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RA: 05h 35m 15s
Dec: −04° 53′ 12″
Ch: MSA:278, U2:225, SA:11
Ref: SIMBAD, DAML02
Type: open cluster
Mag: B=?, V=?
Select a photo and click the button to view
Discovered in 1786 by William Herschel with an 18.7-inch f/13 speculum telescope. He called it "The 1st and 2nd c Orionis, and the stars about them, are involved in eF unequally bright milky nebulosity."
Detection of new nebulae by photography. Annals Harv Coll Obs., 18, 113. Bibcode: [1890AnHar..18..113P]
Photographs taken with the Bache telescope, a photographic 8-inch f/5.5 doublet, covering 10 degrees square, were examined by Mrs M Fleming with a magnifying glass.
Table 1: List of nebulae (p115)
No. 10 "Nebulosity surrounding c Orionis. Dreyer 1973, 1975 and 1977 are portions of this nebulosity where the condensation of light is sufficient to be visible to the eye. The photograph gives it an extension of 2m.0 in right ascension and 2.5' in declination. As it is connected on the following side by nebulosity with the Great Nebula of Orion, true limits cannot be given in this direction. The photographs of this nebula are nearly equal to the best drawings yet made of the Great Nebula of Orion, both in extent and in the amount of detail shown."
"nebula, several bright stars inv in neb.."
Bailey, S.I. (1908) A catalogue of bright stars and nebulae. Ann.Harv.Coll.Obs., 60(8), 199.
Ced 55e (NGC 1977)
Position (1900): RA 5 30.5, Dec - 4 54
Star: 4 1185 (Mp=4.37, V=4.65, SpT=B1)
Spectrum of nebula: continuous and emission spectrum (observed)
Classification: Neb associated with mainly one star (which may be multiple) - star surrounded by a neb envelope with conspicuous structure (eg. IC 5146)
Notes: "Ced 55 e = NGC 1977 = GC 1180 = H V 30. Disc. 1786. WP 67. (30, 114, 174, 197, 216, 238, 294, 366, 409 Pl 12, 481, 522, 578, 585, 599, 630 Pl 34, 692, 711, 715, 717). R. The nebula around C' (42) Orionis = -4 1185 = HD 37018 = Boss 6934. Ced 55: The Orion region. History and bibliography: (118, 119, 186, 188, 191, 276, 352). The nebulous groundwork and the exterior nebulosities: (20, 21, 26, 53, 58, 78, 142, 143, 186, 191, 206, 207, 278, 279, 281, 282, 289, 305, 312, 438, 480, 519, 540. 541, 593, 594, 595, 620, 625, 628, 630 Pl 34, 663, 675, 715, 726 No 41, 769, 782, 802, 818). R. It is shown on several photographs, e.g. (630) Pl 34, that the whole region of the constellation Orion is filled up by vast masses of nebulosity. As is well known, there are several condensation which seem to stand out from the general background, and which have been separately discovered and studied. Such subnebulae, will be individually discussed below. Taken as a whole, No 55 of the catalogue should be classified as C. 2 in addition to the separate classes of the subnebulae."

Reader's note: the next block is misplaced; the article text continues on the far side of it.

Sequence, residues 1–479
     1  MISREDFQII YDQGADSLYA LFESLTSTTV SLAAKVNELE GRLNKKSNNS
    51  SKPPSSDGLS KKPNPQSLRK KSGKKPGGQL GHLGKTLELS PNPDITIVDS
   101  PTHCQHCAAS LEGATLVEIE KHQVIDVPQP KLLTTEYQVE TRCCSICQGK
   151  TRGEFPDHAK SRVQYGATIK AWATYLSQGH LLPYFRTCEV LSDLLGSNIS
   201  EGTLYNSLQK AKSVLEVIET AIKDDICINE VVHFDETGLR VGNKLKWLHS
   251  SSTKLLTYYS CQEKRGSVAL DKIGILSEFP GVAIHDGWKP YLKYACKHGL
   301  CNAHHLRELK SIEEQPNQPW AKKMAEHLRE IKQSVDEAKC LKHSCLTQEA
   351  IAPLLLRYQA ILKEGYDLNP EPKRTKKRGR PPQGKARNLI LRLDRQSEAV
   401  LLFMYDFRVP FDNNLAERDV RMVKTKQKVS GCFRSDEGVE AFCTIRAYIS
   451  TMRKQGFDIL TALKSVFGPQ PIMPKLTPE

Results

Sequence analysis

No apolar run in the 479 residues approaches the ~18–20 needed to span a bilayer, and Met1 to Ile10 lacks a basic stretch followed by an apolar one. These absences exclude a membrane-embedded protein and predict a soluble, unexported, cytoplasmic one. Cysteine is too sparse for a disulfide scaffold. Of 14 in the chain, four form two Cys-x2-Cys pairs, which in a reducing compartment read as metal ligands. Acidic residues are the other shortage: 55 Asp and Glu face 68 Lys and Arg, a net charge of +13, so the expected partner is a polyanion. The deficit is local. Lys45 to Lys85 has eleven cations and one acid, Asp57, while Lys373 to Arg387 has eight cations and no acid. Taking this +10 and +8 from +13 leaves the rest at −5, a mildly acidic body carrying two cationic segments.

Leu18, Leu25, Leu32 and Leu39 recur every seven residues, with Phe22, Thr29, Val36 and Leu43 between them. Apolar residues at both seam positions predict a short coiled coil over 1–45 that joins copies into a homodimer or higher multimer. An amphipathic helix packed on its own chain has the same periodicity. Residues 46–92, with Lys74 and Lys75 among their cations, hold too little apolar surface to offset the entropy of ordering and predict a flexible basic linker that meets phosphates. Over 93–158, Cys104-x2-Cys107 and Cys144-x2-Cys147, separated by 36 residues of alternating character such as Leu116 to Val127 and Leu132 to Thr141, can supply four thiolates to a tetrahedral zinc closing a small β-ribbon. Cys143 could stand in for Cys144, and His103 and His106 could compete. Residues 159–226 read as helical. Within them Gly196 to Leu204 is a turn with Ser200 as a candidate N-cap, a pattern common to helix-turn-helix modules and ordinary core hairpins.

(Sulentic and Tifft 1973) notes that this is a cluster associated with nebulosity.
Bernes, C. (1977) A catalogue of bright nebulosities in opaque dust clouds.
Bernes 114 = NGC 1973 / NGC 1975 / NGC 1977
Olszewski, E.W., Harris, H.C., Schommer, R.A. & Canterna, R.W. (1988) A catalog of LMC star clusters outside the Hode-Wright Atlas. Astron. J., 95(1), 84.
by Jim Lucyk: Sky&Tel. 5/81 p463, Deep Sky #5 Wi83 p12, Deep Sky #6 Sp84 p32, Burnhams V2 p1336, Vehrenberg's Atlas of Galactic Neb-1 p68.
:"this is a relatively bright region of nebulosity just north of the M- 42 complex. It is large, about 15'x10 and surrounds several relatively bright stars. It would be observed more often if it weren't located so close to M-42, and greatly deserves more attention."
Coe (Glendale, Arizona, USA) observing with a 17.5-inch f/4.5, writes in The Webb Society Nebulae and Clusters Section Report No. 10, July 1992: "A bright and large nebulosity that has several stars involved at x100. The fainter parts of the nebulosity extend to the edges of a 30' field of view."
Coe, using a 13" f/5.6, notes: " Bright, large nebulosity that has several stars involved at 100X in the 17.5". The fainter parts of the nebulosity extend to the edges of a 30' field of view."
Forbes (Stoke, St. Mary Bourne, Hampshire) observing from Siding Spring, Australia, writes in The Webb Society Nebulae and Clusters Section Report No. 11, January 1993: "Largest and brightest of the three [NGC 1973, 1975 & NGC 1977]. About 5' x 1.5' for the brightest part, which has V539 Ori in it. (12.5-inch, x76, Seeing A I-II)"
& Lund 1159
05 35.5 -04 52
13: see description for N1973. This is the portion involving 42 Orinios. Several stars are involved. Bright, very large, elongated. N1973 and N1975 are close W.
Instrument:12-inch Dobsonian Reflector Telescope.
Eyepieces:26mm Super Wide Field Eyepiece.
20mm Ultra Wide Angle Eyepiece.
Sky Conditions:The fainter parts of the Milky Way are barely visible.
Transparency of the Sky:Haziness only visible on the horizon.
Seeing:Atmosphere stable with little interference.
1.2.First Impression:This object looks like a small open cluster.
1.5.Chart Number:No.211(Extract taken out of "Spacewatching").
1.6.Size:26mm Eyepiece:Field Of View:57'/7=8.1'.
20mm Eyepiece:Field Of View:50'/6=8.3'.
Size In Arc Minutes:8.2'.
1.8.Brightness Profile:Towards the far and central outskirts of this cluster it is evenly bright.
1.9.Challenge Rating:Stunning Sight.
Around the bright stars in this open cluster I have
found some nebulosity.
Location: Bonnievale SSP (Night Sky Caravan Park)
Telescope: Skywatcher 200-mm f/5, Delos 8-mm (0.57-deg fov)
Binoculars: Canon 12x36 IS (5-deg fov)
Sky conditions: Good (8/10)
Quality of observation: Good
NGC 1977. Open cluster; 4 prominent binocular stars; m = 4; size about 20-arcmin.
The Messier objects
The Bennett objects
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